So another week has elapsed. Yesterday was 6 weeks since the accident. Two weeks until I can start therapy. I am starting to look forward to it like a kid waiting for Christmas. The leg status has not changed since last week. The pain is minimal but the circulation is no better. I can’t stand up for more than a few minutes.
So if Jeff jumped off a chair, would you jump, too? Many of our readers and friends have made comments like this: "I have to go to this lame party, tonight. You are so lucky, you have the perfect excuse." Have I accidentally blundered upon the Holy Grail of Excuses? Do I now have the skeleton key to open the doors of life? Can I now only do the things I want to do? The answer is YES. Although I would not recommend my methods to anyone, I do have to admit that in a strange way, it has offered me a new type of freedom that I have never experienced before. I am working at home, I set my own hours, and I do not have any obligations from which I can not be excused. There is a lesson here, but darned if I can find it. Wouldn’t it be nice to live this way, but without the broken leg? I for one am going to try it.
THE BODY ODYSSEY
Since October, I have been working on an educational game called "Body Battles." It was for the Children’s Museum of Manhattan for their "Body Odyssey" exhibit. March 18th was the Grand Opening. Dr. Nina and her trained Gimp was there. It was difficult to get around the exhibit because it was so crowded. Bill Nye, the science guy was there as well as the doctor who invented the Measles, Mumps, and Rubella vaccine. The speeches were boring, but the exhibit was cool and there was a lot of excitement in the air. I got to sit in the room with my kiosks and watch all sorts of different people play my game. Watching a young boy figure out how to play it, without being able to read, and then watching his excitement at winning was a truly great moment for me. Afterwards, his father showed up (as he was starting another game) and "explained" it to his son. The son couldn’t have cared less as he navigated the virus up the nasal passages, but the father was having a ball watching his son play. For the first time, I felt true joy at being a programmer. Two seconds later, someone looked at my leg and asked if I was part of the exhibit.
THE VOTES ARE IN…
I have tallied the votes after our reader survey last week…and the findings are startling. After I carefully read through all the responses I came to a decision: I am never asking you people a question again!
But in the spirit of useless statistics and surveys, here are some results.
Leave in the Hardware: 35%
Take out the Hardware: 45%
Get more information: 20%
- Twenty percent of those surveyed felt that I should get information on how well the bones have healed and then take the doctors advice as the best course of action. If this seems like a wise idea to you, then you haven’t spent enough time near the medical field lately. Although my surgeon really seemed like he cared about me in the five minutes it took him to rip my fragile limb from its freshly cut cast, he didn’t seem to have a written record anywhere and had no memory of what he had told me before.
- Most of the men seem to have a strong aversion to having anything foreign in their bodies, but the women, in general, seemed more tolerant of such an idea. Our scientists are trying to figure out why.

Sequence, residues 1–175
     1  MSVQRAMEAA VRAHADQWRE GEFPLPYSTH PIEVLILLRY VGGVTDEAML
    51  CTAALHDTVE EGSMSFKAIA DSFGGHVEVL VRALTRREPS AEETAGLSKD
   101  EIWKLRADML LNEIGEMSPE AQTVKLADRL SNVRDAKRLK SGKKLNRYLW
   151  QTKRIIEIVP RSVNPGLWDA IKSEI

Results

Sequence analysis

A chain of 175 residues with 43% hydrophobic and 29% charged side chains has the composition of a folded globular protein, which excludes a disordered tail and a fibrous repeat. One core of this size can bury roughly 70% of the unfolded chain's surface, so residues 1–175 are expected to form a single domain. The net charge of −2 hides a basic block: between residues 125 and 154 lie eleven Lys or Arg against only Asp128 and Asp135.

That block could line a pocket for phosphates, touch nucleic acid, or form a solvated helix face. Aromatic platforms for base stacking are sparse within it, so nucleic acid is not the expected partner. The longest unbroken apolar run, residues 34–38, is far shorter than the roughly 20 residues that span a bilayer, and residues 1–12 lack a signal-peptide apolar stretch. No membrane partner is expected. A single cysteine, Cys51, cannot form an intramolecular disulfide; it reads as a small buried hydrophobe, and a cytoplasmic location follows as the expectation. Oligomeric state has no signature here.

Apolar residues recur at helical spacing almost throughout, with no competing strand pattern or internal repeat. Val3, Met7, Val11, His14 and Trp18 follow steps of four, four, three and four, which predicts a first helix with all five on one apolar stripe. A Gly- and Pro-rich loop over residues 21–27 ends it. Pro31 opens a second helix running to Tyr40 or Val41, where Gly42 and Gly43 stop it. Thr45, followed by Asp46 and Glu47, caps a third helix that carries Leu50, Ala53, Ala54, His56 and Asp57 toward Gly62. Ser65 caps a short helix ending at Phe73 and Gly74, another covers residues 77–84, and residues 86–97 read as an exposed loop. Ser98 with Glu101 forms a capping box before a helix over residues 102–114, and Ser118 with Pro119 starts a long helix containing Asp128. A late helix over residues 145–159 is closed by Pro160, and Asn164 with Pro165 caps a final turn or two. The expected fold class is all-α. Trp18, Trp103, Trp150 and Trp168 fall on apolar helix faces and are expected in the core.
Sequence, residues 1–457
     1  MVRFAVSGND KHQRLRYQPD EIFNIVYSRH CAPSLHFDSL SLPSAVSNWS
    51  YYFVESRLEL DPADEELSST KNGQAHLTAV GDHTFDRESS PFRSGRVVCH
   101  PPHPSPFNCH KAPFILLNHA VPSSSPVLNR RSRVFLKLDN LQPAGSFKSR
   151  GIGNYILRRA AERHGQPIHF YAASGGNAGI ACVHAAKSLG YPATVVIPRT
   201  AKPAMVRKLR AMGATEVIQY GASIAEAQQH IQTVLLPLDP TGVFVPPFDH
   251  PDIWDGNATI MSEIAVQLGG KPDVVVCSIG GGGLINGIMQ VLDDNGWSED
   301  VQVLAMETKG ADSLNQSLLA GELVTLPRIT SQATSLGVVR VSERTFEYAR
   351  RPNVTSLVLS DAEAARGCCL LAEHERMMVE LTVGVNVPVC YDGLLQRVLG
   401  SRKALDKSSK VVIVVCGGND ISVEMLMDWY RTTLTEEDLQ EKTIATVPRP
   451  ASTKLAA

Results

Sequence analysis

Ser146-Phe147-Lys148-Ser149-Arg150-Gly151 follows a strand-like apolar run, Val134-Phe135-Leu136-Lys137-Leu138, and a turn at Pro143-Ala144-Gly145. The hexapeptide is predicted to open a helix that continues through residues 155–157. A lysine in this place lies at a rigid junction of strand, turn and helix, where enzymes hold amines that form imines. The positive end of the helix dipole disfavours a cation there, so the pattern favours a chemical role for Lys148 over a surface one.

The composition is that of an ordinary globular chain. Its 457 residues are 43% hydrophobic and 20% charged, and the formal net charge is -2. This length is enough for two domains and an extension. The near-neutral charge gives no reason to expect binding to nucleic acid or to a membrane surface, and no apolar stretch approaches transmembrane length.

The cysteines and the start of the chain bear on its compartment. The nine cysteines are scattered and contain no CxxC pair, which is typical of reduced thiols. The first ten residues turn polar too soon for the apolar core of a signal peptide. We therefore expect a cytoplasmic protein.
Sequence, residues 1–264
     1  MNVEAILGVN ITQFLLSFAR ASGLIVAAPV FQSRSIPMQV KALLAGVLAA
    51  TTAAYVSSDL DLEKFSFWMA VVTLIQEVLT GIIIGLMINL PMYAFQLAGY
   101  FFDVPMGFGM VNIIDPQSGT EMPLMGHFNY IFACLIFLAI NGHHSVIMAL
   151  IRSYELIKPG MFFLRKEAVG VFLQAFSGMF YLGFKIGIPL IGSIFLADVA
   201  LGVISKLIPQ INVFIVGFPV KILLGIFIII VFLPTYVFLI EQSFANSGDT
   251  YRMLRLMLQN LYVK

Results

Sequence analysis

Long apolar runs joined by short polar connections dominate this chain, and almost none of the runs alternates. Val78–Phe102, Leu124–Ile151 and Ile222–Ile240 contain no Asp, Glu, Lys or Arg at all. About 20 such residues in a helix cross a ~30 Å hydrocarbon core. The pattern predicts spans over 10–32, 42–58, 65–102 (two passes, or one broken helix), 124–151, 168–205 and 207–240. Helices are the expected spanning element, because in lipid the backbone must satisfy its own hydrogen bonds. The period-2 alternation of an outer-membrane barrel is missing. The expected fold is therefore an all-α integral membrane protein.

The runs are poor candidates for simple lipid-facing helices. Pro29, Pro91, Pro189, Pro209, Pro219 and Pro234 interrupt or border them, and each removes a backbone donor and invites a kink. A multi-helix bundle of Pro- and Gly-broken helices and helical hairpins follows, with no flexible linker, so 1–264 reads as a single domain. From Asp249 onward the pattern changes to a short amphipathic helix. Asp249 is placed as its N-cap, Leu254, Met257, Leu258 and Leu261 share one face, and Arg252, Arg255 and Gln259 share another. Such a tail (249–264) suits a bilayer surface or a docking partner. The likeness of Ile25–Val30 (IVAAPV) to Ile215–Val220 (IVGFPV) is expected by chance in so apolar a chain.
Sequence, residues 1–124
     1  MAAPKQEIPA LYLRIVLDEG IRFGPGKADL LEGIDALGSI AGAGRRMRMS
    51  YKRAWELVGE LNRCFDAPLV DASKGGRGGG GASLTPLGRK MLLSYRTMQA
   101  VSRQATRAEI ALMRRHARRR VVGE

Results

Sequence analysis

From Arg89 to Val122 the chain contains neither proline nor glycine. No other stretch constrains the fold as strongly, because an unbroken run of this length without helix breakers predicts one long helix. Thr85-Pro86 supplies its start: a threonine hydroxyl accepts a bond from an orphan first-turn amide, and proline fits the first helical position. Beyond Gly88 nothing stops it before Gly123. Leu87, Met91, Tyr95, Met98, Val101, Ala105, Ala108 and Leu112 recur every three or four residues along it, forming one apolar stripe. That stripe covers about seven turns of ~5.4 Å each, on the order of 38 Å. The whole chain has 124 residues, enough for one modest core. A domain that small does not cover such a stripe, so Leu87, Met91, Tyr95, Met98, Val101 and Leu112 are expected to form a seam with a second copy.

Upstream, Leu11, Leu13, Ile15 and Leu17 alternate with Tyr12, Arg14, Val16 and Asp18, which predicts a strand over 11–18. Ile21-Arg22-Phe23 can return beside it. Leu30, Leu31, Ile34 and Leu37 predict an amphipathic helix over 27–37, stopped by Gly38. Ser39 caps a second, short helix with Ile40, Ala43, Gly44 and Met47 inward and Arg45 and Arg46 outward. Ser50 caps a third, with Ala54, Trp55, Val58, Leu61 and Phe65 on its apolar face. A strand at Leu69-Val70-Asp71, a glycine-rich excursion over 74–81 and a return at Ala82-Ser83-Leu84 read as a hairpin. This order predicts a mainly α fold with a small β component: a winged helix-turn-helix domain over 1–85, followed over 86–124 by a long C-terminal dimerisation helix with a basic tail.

- One responder seemed to feel that I should do what he wouldn’t. He started his letter, "Personally, I would take it out unless the Docs are fairly certain it will not heal sufficiently." And ends his response, "Anyway, I say leave it in." Did he change his mind over the course of writing the email, or does he have different standards for himself and me.
- And lastly from a paranoid, X-File fan, "Infection is just a myth that the medical-commercial product right wing conspiracy machine has created to spook us into buying Lysol and the like. Don't be fooled by it. Keep the hardware and be the first bionic boy on your block!!!"
With this kind of advice…how can I go wrong?
MAILBAG (a.k.a Jeff’s mail)
Some of our faithful readers have requested that "From the Couch" add some new sections and move to a daily format. Although we lack the staff to become a daily publication, we are considering adding some new sections. What new sections would you like to see in future issues? And for that one crazy woman who loves the newsletter, here is our first addition…
Aries (March 21 - April 19), you may have a party soon. It will probably involve singing.
Taurus (April 20 - May 20), a good time to go for a walk, or try to.
Gemini (May 21 - June 21), be grateful for your duality. It’s good to be balanced on two supports.
Cancer (June 22 - July 22), even though things look bleak don’t consult a doctor!
Leo (July 23 - Aug. 22), go visit your son and cook him a lot of meals. Also, bring gifts.
Virgo (Aug 23 - Sept. 22), avoid climbing up on chairs at all costs.
Libra (Sept. 23 - Oct. 23), sit down on the couch and relax. Stay there for six weeks.
Scorpio (Oct. 24 - Nov. 21), be happy to take care of loved ones. Don’t let it get to you. Getting them another Ginger Ale when you are busy cooking the chicken is no reason to threaten to smack their broken leg, even if they don’t say please and never thank you for helping them shower every day.
Sagittarius (Nov. 22 - Dec. 21), avoid reading horoscopes.
Capricorn (Dec. 22 - Jan. 19), you are doomed to get combined gifts for the rest of your life.
Aquarius (Jan. 20 - Feb. 18), a good time to keep both feet on the ground.
Pisces (Feb. 19 - Mar. 20), find your own voice. Written communication is key. Keep in touch!